Scammers used retailers to fool investors

By Adam Coleman

SYDNEY: Several small business investors have been duped in a scam which falsely claimed to have agreements with retailers including Dick Smith Electronics, Tandy Electronics and Harvey Norman and promised prospective franchisees high returns that never materialised.

The Federal Court has declared that Photo Safe Australia, Data Vault Services and IE Networks managing director, Daniel Albert, misled and deceived 37 small business investors with franchising scams, which the Australian Consumer Competition Commission (ACCC) believes netted more than $3 million.

The scams boasted that major national retailers had agreed to offer the Photo Safe service and the Data Vault product to the public and that the franchisor could secure the franchisees a number of retail outlets as customers for each distributor.

The ACCC began legal proceedings against Albert, Photo Safe and Data Vault sales manager, Greg Zimbulis, in April 2005 for their involvement in the scams, which encouraged investors to sign up as Photo Safe or Data Vault distributors, for amounts of up to $160,000 or pay IE Networks for internet terminals that made little or no returns.

The three so-called business opportunities turned out to be far from what the hapless investors expected.

Photo Safe claimed to provide a service which saved customers’ photographs to a compact disc and to an online album on the internet; Data Vault was set up to market a software product that stored computer files and emails at a secure, remote location and IE Networks was touted to provide coin-operated internet access terminals and mobile phone content download terminals in shopping centres and other popular locations.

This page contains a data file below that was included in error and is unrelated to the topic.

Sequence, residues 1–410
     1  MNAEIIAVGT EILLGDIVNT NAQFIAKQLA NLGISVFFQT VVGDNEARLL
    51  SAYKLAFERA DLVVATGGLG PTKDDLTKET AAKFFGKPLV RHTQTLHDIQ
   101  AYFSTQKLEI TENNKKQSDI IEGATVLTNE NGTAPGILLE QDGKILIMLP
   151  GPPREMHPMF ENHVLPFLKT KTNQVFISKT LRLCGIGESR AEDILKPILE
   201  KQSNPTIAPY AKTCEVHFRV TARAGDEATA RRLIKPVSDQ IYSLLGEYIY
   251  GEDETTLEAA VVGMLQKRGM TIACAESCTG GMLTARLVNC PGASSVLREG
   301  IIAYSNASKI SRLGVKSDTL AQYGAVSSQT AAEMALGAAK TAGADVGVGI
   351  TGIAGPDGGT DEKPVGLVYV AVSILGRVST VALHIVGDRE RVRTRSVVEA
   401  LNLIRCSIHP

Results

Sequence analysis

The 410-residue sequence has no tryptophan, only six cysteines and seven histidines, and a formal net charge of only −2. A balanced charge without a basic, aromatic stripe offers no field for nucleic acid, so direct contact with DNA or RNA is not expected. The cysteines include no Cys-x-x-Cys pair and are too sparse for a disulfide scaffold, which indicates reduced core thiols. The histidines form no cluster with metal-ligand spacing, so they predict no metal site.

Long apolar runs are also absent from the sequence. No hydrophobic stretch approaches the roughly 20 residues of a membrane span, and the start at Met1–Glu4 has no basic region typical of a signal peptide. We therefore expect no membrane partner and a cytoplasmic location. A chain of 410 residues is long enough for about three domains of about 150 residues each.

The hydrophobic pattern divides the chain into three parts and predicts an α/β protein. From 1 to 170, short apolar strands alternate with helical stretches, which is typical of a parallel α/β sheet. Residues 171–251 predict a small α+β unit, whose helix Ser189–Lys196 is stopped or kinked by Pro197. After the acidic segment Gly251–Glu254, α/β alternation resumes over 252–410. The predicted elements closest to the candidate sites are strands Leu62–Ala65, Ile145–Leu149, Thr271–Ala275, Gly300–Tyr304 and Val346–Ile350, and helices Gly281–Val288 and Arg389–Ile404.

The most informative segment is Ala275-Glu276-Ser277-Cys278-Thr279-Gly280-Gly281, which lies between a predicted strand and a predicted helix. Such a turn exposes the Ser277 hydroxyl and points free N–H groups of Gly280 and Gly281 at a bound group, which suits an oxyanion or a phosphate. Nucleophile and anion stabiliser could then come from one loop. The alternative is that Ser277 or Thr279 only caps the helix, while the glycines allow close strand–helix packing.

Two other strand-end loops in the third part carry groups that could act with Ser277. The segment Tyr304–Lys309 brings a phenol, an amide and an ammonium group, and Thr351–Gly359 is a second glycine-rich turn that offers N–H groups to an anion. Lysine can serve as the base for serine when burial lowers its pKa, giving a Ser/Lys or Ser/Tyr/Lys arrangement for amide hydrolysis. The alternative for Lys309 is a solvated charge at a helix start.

The true situation was significantly different to the one Albert and Zimbulis presented. While Photo Safe did launch on the market, there was only a minor marketing campaign, with most distributors making only minimal or no sales at all. Data Vault was never even launched on the market.

To make matters worse, no retail arrangements had been reached with any national retailers to stock Photo Safe or Data Vault products or services and ie Networks had no terminals to provide to distributors, no operational terminals in the market place and no contracts in place to provide material for downloading.

Albert admitted to the Federal Court that he misled and deceived Photo Safe, Data Vault and IE Networks small business investors in breach of sections 52 and 59 of the Trade Practices Act 1974. Zimbulis also admitted to breaching sections 52 and 59 of the Act.

The ACCC sought broad injunctions to prevent Albert and Zimbulis from engaging in similar conduct in the future, but these orders dismissed by the Federal Court.

However, the Court did at least order Albert and Zimbulis to undergo trade practices compliance training and pay a contribution to the ACCC’s costs.

“Small business investments and franchises have the potential to attract unscrupulous operators,” said ACCC chairman, Graeme Samuel.

“This makes it a priority area for ACCC enforcement. Operators who make false claims about the profitability of small business opportunities risk getting sued by the ACCC.

“In this case, Albert and Zimbulis were not able to avoid action by the ACCC by hiding behind the liquidation of their companies. This reinforces the ACCC’s commitment to pursue corporate executives and senior sales staff who are responsible for misleading or deceiving small business investors,” said Samuel.

 

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